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By Mikhail Zygar (Public Affairs $27.99)
Back during the First Cold War, academics invented kremlinology. The Kremlin was a black box, and so, to smoke out Soviet intentions, analysts would parse leaders’ seating arrangements, speaking order, speech content, press articles and more, to find out what sorts of things the red elite were sparring about behind closed doors. There were often some interesting conclusions, but it was sometimes more tea leaf reading than science, and rarely of predictive value.
Today, the Kremlin is no less opaque, and the speculations of modern kremlinologists are still rarely helpful in predicting Russian actions.
Along comes Mikhail Zygar, one of the few Russian journalists with a measure of independence, and clearly a vast network of leadership connections. His book illuminates what has been going on behind Kremlin walls in the Putin years and is a must read for anyone interested in understanding Kremlin intentions, if not predicting its actions. Because he bases his conclusions not on reading tea leaves or the content analysis of speeches, but on real interviews and inside contacts with real people. People, being people, will always want to tell their side of the story to someone, even to a journalist...
Zygar writes in a conversational style, lightly tinted with wry humor and cynicism. He starts each chapter with a concise portrait of a Kremlin player that is revealing and human. If one takes nothing else from this book, it is that the Kremlin is a viscous solyanka soup of strange, conniving, egotistical and power-hungry personalities. Clans wrestle beneath the rug like rabid bulldogs, cementing grudges, undermining rivals, all seeking to shape and mold the tsar into their vision of what he should be (and usually with personal gain in mind).
It is also clear that there is no Grand Plan guiding the Kremlin’s actions. Zygar shows that the Kremlin leadership is largely reactive and tactical, mainly interested in keeping Russia’s adversaries off balance through conflicting messages, inconsistent and unpredictable behavior, and info/cyber disruption. Apropos of the present tsar’s martial arts predilections, Russian foreign policy is guided by principles of judo: if your opponent shows strength, step aside, parry, and use their strength against them; if they show weakness, advance in ways that do not put yourself at risk.
Yet Zygar also shows that, if someone were paying close enough attention, they would not have been surprised by recent events, say in Crimea or Ukraine. Putin and others telegraphed these moves in early 2008. And they were a natural consequence of the main turning point in US-Russian relations, which was in 2004 and 2005. Until then, Zygar asserts, the Kremlin truly thought that Russia and the West could reforge a new relationship. But when George W. Bush became a lame duck, and when the “anti-Russian” course of events (dropping the ABM treaty; expanding NATO eastward; supporting Georgian and Ukrainian independence) proved unstoppable, the hardline anti-Western elements in the Kremlin strengthened, and there was no turning back.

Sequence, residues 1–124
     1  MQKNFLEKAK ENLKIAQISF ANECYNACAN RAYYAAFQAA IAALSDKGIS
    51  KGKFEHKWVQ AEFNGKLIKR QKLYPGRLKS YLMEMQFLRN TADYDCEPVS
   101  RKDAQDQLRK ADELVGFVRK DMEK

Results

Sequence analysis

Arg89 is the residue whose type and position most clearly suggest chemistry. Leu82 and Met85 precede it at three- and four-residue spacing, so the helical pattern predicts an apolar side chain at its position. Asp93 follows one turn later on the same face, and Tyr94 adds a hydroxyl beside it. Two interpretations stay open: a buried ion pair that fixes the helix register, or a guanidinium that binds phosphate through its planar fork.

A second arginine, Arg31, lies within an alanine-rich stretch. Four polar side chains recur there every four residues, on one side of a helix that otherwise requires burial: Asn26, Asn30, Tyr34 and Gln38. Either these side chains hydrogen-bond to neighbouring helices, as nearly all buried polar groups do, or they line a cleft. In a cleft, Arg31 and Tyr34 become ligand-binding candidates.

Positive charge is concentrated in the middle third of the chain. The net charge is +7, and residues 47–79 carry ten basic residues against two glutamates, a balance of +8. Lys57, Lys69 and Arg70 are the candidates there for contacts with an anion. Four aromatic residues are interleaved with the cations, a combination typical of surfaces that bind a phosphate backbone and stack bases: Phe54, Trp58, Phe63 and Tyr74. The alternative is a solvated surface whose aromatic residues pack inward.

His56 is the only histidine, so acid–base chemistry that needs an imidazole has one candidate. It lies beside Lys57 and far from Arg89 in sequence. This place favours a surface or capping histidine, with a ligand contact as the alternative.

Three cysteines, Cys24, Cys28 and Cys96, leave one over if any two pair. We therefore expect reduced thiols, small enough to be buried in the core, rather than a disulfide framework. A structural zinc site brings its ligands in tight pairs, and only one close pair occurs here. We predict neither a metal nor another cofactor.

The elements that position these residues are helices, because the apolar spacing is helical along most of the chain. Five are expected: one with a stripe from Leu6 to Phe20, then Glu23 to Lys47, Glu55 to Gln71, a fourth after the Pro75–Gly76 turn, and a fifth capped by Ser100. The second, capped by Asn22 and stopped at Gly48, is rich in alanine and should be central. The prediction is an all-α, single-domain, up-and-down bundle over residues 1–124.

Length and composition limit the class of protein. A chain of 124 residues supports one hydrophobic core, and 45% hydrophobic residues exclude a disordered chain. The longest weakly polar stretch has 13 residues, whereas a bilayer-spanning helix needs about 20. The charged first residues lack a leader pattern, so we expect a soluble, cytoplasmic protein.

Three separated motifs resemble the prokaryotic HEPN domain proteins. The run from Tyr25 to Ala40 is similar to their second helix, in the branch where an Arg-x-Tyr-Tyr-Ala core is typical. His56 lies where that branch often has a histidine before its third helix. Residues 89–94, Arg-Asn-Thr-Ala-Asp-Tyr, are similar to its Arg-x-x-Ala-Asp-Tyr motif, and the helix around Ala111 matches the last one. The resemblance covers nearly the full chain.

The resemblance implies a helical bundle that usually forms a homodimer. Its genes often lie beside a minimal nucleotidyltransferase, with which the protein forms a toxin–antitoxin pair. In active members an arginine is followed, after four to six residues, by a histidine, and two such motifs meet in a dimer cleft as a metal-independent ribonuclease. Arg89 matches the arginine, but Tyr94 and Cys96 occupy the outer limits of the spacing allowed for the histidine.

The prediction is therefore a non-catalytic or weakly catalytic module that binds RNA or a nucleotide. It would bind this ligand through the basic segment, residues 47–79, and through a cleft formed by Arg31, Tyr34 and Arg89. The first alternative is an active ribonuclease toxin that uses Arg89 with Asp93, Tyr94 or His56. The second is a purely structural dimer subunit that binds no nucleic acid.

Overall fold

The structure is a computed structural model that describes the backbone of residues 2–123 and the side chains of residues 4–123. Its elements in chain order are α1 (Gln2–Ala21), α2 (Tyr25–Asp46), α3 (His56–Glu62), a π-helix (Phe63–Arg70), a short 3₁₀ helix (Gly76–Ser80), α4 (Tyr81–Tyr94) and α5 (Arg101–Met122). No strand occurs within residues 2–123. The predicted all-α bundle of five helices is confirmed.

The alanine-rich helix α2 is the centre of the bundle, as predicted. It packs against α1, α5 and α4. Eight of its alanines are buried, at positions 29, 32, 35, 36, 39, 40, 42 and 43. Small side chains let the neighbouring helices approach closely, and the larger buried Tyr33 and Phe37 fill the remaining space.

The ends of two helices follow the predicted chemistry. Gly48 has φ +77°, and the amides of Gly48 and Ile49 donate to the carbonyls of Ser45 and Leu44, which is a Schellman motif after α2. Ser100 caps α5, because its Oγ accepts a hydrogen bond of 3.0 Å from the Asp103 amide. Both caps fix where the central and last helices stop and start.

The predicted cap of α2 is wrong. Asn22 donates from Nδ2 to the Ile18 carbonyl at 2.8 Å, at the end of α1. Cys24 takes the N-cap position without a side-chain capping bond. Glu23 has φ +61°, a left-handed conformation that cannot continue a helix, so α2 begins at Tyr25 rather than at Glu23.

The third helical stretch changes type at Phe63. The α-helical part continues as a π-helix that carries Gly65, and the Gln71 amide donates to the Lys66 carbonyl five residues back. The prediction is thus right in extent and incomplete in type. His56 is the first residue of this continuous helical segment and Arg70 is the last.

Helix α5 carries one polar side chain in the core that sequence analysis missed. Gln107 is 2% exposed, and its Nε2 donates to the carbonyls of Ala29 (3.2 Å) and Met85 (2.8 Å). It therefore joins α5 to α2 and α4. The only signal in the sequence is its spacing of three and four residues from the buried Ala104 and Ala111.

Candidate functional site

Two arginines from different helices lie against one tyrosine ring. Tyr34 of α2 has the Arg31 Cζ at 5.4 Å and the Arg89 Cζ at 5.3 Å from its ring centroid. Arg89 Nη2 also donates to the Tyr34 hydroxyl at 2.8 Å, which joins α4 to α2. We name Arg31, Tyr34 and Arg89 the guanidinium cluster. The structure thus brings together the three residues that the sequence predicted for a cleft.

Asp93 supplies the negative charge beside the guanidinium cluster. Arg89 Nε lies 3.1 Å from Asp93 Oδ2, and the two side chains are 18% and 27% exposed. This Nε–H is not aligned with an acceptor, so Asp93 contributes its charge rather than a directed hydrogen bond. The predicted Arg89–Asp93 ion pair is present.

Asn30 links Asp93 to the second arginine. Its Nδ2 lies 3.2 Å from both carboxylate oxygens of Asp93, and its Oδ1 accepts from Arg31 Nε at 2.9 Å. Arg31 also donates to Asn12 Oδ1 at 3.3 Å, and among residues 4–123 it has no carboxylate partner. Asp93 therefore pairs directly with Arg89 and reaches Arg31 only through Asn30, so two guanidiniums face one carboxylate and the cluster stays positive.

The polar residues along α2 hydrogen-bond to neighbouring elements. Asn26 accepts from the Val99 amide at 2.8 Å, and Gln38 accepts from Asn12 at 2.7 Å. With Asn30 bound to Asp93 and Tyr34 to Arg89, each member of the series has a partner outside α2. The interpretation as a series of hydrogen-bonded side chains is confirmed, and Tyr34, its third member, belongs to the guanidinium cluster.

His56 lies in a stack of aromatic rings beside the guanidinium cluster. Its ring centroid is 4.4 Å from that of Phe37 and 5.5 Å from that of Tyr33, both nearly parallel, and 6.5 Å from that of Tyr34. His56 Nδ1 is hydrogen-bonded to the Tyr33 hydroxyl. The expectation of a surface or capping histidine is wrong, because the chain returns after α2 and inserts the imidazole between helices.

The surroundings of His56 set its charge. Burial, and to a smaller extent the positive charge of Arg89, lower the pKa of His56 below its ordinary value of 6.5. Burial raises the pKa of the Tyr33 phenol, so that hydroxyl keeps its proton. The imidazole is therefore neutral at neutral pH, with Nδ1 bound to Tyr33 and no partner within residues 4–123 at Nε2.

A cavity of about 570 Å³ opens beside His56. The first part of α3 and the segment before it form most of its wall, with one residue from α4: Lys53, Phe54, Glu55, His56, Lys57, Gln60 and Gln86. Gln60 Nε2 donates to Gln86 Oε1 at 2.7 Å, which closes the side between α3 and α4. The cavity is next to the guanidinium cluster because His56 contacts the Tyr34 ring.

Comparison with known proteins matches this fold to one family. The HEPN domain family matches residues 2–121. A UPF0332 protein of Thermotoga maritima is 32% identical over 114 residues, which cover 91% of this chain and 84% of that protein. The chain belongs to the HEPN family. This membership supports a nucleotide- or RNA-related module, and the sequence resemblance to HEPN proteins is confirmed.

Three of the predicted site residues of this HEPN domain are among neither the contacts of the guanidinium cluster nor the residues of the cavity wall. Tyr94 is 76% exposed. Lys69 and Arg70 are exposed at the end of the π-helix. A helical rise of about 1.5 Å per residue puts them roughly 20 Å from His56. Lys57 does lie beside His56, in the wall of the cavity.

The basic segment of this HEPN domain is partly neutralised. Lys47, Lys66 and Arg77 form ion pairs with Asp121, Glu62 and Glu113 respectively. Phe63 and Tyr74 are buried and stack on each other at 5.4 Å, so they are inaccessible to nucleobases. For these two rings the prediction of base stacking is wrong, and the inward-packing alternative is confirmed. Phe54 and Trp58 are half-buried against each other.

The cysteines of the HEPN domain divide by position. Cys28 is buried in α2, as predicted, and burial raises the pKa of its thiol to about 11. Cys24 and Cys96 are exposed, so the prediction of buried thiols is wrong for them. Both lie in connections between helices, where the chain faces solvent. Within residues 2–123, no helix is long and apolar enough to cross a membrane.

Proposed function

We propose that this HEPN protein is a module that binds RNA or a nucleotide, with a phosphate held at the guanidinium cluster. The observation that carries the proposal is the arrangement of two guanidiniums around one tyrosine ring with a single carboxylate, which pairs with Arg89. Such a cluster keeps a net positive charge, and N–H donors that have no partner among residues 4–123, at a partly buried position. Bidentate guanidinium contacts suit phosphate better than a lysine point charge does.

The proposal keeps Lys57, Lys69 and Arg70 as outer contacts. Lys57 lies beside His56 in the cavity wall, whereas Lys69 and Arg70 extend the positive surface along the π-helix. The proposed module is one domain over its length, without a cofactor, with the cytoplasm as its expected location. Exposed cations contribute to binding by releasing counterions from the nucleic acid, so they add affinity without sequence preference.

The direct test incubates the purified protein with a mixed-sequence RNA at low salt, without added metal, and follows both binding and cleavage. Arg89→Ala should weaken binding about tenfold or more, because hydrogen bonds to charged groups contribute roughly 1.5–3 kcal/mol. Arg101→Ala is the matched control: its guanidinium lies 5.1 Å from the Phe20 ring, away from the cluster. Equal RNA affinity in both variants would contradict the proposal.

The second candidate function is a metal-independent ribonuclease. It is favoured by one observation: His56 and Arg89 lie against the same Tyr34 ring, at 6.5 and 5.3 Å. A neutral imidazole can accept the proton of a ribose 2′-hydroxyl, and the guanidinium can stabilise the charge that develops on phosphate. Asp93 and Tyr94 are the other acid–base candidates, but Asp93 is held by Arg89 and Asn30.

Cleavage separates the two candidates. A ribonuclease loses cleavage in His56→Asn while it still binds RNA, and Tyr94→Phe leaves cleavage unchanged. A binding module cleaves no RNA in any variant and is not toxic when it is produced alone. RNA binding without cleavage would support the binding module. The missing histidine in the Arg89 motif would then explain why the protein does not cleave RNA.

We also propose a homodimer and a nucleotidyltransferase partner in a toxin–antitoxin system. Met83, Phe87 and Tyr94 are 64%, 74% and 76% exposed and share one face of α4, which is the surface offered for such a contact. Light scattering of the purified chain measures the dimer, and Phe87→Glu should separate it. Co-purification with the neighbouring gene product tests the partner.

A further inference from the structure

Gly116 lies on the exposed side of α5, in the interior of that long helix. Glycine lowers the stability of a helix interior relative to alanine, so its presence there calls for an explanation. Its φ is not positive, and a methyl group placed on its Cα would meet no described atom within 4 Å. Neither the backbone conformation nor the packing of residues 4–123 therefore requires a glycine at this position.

Zygar’s fine book (which can hardly be fully summarized here; get a copy and read this book not once, but twice) ends on a troubling analysis of the cynical self-deception that is now lodged in Kremlin player’s minds. They thrive on anti-Americanism and conspiracy theories targeting Russia, Zygar writes, and wantonly feed these theories to a willing Russian public, knowing “that if they do not offer television viewers a simple and plausible answer to pressing geopolitical issues, the people will draw their own (far worse) conclusions. But such analysis is in itself a conspiracy theory. There is no evidence that Russian officials are so crafty. Most likely they really do believe in their fictions.”
And that is the most disturbing part: never knowing whether the Kremlin minions are just cynically manufacturing lies for personal gain, or if they truly believe their own lies.
Perhaps it’s time to consult some tea leaves.
Reviewed in Russian Life: Nov/Dec 2016